ASX-lister online retailer Kogan.com has put another feather in its cap, winning a “Shonky” award from consumer group CHOICE.
The annual Shonky Awards recognise products and companies that deliver a poor experience for shoppers.
Kogan was called out for “tricking customers” according to CHOICE, into signing up for its $99 ‘Kogan First trial.
Tech featured prominently in the 2023 Shonkies, including the rent-tech sector for “data gouging” people looking for a place to live, alongside personal alarms for being unreliable and hard to use and the Xbox minifridge, which uses as much power as a full-size fridge, but doesn’t keep things cool.
Supermarket giants Coles and Woolworths also received a Shonky award “for cashing in during a cost-of-living crisis”
It’s not Kogan’s first Shonky, with the retailer being named in 2019 for poor customer service.
This time, CHOICE CEO Alan Kirkland has accused Kogam.com of being deceptive.
“Kogan is receiving a Shonky Award for using deceptive website design to trick people, pre-selecting the free shipping option for all customers, and sneakily signing them up for a Kogan First membership trial,” he said.
“If you were buying something online and the free shipping option was already selected, why would you choose another option? Unfortunately, if you miss the fine print when buying something through Kogan, you may find you’ve inadvertently signed up to a two-week trial of their ‘Kogan First’ program, and committed to pay $99 when the trial is up.”
Kirkland said CHOICE conducted a mystery shop of Kogan with 19 shoppers, with nearly a third – six – accidentally signing up for Kogan First, and none of them knew how much they had agreed to pay after the trial ended.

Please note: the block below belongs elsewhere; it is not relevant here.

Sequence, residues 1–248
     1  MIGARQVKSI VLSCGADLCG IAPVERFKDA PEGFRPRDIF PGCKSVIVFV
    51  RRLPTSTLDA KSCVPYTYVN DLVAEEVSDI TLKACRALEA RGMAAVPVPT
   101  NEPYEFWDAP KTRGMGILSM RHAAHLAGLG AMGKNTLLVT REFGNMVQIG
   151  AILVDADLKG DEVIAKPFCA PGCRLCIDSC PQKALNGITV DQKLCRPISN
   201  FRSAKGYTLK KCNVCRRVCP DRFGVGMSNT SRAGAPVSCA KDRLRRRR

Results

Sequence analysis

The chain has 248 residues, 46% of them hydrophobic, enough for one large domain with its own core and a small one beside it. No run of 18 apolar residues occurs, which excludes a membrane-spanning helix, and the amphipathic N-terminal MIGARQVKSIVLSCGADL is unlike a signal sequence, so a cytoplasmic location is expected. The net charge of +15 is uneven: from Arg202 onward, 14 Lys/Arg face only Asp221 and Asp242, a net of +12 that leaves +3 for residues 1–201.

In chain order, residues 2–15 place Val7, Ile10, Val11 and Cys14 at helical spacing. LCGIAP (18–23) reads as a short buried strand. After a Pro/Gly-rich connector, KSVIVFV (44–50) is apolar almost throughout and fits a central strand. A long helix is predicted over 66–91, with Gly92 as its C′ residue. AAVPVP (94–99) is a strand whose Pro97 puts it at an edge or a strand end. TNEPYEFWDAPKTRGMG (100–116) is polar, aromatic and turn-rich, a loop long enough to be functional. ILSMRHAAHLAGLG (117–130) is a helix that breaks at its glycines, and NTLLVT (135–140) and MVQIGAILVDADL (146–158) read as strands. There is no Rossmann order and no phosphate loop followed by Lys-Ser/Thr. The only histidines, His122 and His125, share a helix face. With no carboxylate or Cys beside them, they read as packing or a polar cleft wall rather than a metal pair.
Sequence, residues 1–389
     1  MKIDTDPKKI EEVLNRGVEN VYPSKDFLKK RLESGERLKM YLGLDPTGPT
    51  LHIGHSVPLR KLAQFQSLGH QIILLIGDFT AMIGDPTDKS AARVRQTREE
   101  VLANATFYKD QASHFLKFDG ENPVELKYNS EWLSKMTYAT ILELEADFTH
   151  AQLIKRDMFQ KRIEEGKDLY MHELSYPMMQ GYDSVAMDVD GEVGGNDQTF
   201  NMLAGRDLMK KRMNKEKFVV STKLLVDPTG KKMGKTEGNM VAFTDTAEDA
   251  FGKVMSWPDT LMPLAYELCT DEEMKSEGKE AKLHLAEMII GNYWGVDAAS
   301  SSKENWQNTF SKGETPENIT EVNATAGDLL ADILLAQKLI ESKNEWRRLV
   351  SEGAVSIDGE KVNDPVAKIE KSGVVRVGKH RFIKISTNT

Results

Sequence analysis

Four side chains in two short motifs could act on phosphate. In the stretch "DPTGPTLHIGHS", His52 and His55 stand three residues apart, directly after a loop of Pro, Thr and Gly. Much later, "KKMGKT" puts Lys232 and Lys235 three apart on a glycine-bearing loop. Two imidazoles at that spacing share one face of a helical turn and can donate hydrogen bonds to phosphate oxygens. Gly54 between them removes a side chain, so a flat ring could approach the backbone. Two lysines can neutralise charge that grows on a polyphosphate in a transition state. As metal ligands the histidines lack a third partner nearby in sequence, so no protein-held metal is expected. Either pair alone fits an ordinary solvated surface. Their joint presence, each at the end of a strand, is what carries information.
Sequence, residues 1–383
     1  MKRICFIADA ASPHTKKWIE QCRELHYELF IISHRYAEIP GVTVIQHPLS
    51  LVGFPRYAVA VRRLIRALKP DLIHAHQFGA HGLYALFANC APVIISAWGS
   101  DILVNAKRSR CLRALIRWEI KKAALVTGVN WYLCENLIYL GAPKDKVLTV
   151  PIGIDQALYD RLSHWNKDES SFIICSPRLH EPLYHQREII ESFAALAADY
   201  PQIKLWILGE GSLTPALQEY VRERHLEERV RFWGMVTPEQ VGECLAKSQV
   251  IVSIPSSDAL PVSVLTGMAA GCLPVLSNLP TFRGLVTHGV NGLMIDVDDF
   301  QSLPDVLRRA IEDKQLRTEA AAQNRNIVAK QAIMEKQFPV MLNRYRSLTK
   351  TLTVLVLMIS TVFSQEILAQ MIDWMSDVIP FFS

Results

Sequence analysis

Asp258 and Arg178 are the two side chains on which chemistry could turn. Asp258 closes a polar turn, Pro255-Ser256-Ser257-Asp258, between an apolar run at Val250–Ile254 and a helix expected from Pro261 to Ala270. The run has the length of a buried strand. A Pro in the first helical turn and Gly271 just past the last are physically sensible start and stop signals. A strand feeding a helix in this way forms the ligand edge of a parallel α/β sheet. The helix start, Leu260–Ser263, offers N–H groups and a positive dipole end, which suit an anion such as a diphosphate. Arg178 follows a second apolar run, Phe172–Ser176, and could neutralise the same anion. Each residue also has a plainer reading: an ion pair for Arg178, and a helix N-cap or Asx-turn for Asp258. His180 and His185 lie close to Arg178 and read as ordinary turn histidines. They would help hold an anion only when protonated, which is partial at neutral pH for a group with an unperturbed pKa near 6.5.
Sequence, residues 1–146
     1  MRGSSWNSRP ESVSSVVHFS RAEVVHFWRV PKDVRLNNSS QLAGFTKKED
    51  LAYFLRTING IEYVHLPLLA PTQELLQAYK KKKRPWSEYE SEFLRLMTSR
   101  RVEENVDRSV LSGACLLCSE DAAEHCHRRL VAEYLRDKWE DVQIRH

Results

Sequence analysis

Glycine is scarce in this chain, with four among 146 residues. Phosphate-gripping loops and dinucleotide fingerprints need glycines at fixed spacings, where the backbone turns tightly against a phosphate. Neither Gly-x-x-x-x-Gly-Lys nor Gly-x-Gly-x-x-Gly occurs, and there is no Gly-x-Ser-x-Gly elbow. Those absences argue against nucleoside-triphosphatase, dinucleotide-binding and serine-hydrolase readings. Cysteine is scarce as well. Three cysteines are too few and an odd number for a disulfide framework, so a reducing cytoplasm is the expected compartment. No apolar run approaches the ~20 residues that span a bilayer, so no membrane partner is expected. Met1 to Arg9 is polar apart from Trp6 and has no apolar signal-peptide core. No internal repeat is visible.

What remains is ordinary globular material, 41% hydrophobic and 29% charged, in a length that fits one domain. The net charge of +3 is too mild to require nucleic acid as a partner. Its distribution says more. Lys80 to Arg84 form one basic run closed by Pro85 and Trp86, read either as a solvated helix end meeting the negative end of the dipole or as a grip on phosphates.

It’s not the first time Kogan.com’s marketing tactics have drawn the ire of observers. In 2020,the company was fined $350,000 fine misleading ‘tax time savings’ ads in legal action brought by the consumer watchdog the ACCC.
But when it comes to the Shonky Awards, the Xbox Mini Fridge from Microsoft is a standout after failing to make drinks colder than a spring day.
“This ‘fridge’ took a lengthy 24 hours to bring eight drink cans to 21°C in our 32°C test chamber. For context, 21°C is warmer than tap water,” Kirklandn said.
“To make matters worse, the Xbox fridge’s energy consumption is so high that it uses around the same amount of electricity as a regular full-sized fridge, without actually cooling anything. It also pooled an alarming amount of moisture in our testing.”
Meanwhile, CHOICE investigation found that 40% of renters have been pressured to use third-party rental platforms, such as 2Apply and Snug, to apply for a home. Kirkland said governments need to regulate these businesses to ensure that tenants are protected.
“These platforms require people to hand over unjustifiable amounts of personal data, putting them at risk of data breaches and information being used unfairly when screening rental applications,” he said
“Finding a home as a renter is already difficult enough, particularly when rents have risen dramatically and vacancy rates have plummeted to new lows. Third-party platforms should not be taking advantage of these circumstances to collect excessive data.”